It is definitely realistic that fears of separatism, although not (yet) explicitly uttered, can be exploited in the politics of local government members. The case of alleged Pomor separatism isn’t closed yet, and to incriminate the Russian Sámi for having strong ties to their co-brothers and allies abroad might be even easier than in the case of the Pomors. Moreover, the eager search for hints of separatism, even the most inconspicuous ones, has a long-lasting tradition. If we go further back in history, the situation with the flag pole reminds me of the ridiculously irrational “Sámi complot” during the Stalin Era. In 1938 the NKVD fabricated the so-called Sámi nationalist counterrevolutionary conspiracy. In the setting of the orchestrated class struggle, which had to take place even in the remotest corners of the country, a group of people had been “uncovered” while allegedly preparing an uprising in order to create a “Lappish Republic” which should become a part of Finland. Its leader became Vasilii Kondrat’evich Alymov, who was not a Sámi. He was a scholar from Leningrad who, in earlier years, had been living among the Sámi and in Murmansk collecting materials for a Sámi dictionary. Being an intellectual with strong ties to the local indigenous population and yet an outsider, and having served for the Mensheviks, he proved to be the ideal figure of an inciter. The whole inquiries of case No. 46197 lasted for a very short period: from 27 February till 7 April 1938. As a result, 34 people, mostly Sámi, were arrested. Among these, 15 were shot and 13 sentenced to long labour camp terms. All of the convicts had compromised themselves by totally picayune deeds or life events which dated far back, like serving in the tsarist army. A detailed account of these events has been written by Aleksei Kiselev, one of the most famous local historians.
Allowing to raise the Sámi flag near a main symbol of state power (as it happened on the territory of the Norwegian consulate) would have been a nice sign of respect and reconciliation towards the local indigenous population, which had to suffer a great loss of ethnic identity as well as life and material losses during Soviet times. The chance has been missed.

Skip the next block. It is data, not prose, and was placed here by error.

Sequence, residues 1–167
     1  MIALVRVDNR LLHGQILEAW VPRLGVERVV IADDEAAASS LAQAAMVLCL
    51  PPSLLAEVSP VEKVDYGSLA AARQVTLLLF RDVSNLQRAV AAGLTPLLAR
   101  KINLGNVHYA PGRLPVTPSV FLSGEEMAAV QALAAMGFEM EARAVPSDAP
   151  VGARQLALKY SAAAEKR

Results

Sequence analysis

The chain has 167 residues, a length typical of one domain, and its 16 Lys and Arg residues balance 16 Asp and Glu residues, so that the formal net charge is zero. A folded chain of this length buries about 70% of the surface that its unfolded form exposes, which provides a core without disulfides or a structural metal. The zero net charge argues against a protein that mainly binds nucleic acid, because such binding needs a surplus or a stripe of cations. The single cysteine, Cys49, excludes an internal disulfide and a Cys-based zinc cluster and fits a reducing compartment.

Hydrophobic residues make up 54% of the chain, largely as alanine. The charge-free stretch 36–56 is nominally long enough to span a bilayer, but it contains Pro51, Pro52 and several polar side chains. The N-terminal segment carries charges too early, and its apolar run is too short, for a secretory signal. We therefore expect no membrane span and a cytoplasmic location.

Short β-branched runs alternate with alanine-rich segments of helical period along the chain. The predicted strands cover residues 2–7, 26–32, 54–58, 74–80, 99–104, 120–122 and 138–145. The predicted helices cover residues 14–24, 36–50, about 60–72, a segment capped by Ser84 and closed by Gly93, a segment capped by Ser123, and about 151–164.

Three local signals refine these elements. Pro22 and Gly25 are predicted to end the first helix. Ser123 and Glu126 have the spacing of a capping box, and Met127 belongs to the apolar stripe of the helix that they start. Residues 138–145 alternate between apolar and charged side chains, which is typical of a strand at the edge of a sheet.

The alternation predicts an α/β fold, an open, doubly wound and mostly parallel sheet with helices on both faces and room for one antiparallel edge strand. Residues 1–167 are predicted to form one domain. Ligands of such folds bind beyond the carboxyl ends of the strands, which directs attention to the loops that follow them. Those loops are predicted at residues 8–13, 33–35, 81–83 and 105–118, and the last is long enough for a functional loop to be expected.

The “retaliation measures” by the Sámi activists have been astonishingly peaceful and colourful: The flashmob, which had been organised using the social media, had the aim to create a “living” Sámi flag. They preferred not to act illegally and stay at the officially sanctioned place near the Seamen’s house, and therefore the location and the attention by passers-by were not really great. The circle in the flag, unfortunately, didn’t work out too, but the idea was positive and beautiful. It was in the (at least Eastern) Sámi-like spirit of a soft and peaceful resistance.
Narratives, bureaucracies and indigenous legal orders: Resource governance in Finnish Lapland is the title of our chapter in a volume titled “Polar Geopolitics? Knowledges, Resources and Legal Regimes”, which has been published end of January. The aim of our chapter is twofold: Firstly, to examine narratives of indigeneity and secondly to investigate how these are tied into struggles over natural resources. Especially the narrative of indigenous peoples being the “original ecologists” seems to open up opportunities for claim-making by indigenous groups, but on the other hand also allows for patronising approaches to resource management in indigenous homeland. The specific example we then look at is the conflict over forest resources in Finnish Upper Lapland, and in particular the Nellim conflict. In the following, we discuss how state bureaucracies sometimes contradict local management regimes, which, in the case of Upper Lapland, are still based on indigenous legal order. To illustrate this contradiction, we juxtapose reindeer herding principles of the Finnish state and of the indigenous Sàmi population adhering to the notion of “reindeer luck”.
Together with the chapters by Lassi Heininen, Jeppe Strandsbjerg and Mark Nuttall our text forms Part III, “Indigenous and Northern Geopolitics”. Part I of this volume focuses on “Global and Regional Frameworks” and part II engages with “National Visions”. Follow the link below and check out the excellent contributions to this book, edited by Richard C Powell and Klaus Dodds, and published by Edward Elgar.